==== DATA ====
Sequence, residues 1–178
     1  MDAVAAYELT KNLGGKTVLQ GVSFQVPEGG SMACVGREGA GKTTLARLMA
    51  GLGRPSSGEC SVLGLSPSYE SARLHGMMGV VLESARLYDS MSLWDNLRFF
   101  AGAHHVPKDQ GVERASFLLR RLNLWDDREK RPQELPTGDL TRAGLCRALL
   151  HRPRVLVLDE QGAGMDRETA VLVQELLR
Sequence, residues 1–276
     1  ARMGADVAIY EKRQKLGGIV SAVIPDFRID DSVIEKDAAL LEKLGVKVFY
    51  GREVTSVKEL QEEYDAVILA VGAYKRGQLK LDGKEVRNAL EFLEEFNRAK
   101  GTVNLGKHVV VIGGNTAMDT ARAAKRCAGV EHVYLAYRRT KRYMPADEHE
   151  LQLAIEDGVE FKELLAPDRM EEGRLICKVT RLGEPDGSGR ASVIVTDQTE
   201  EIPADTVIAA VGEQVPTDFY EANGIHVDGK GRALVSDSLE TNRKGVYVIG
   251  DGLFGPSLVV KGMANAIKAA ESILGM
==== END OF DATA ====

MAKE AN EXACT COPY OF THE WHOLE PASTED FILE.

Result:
Sequence, residues 1–178
     1  MDAVAAYELT KNLGGKTVLQ GVSFQVPEGG SMACVGREGA GKTTLARLMA
    51  GLGRPSSGEC SVLGLSPSYE SARLHGMMGV VLESARLYDS MSLWDNLRFF
   101  AGAHHVPKDQ GVERASFLLR RLNLWDDREK RPQELPTGDL TRAGLCRALL
   151  HRPRVLVLDE QGAGMDRETA VLVQELLR
Sequence, residues 1–276
     1  ARMGADVAIY EKRQKLGGIV SAVIPDFRID DSVIEKDAAL LEKLGVKVFY
    51  GREVTSVKEL QEEYDAVILA VGAYKRGQLK LDGKEVRNAL EFLEEFNRAK
   101  GTVNLGKHVV VIGGNTAMDT ARAAKRCAGV EHVYLAYRRT KRYMPADEHE
   151  LQLAIEDGVE FKELLAPDRM EEGRLICKVT RLGEPDGSGR ASVIVTDQTE
   201  EIPADTVIAA VGEQVPTDFY EANGIHVDGK GRALVSDSLE TNRKGVYVIG
   251  DGLFGPSLVV KGMANAIKAA ESILGM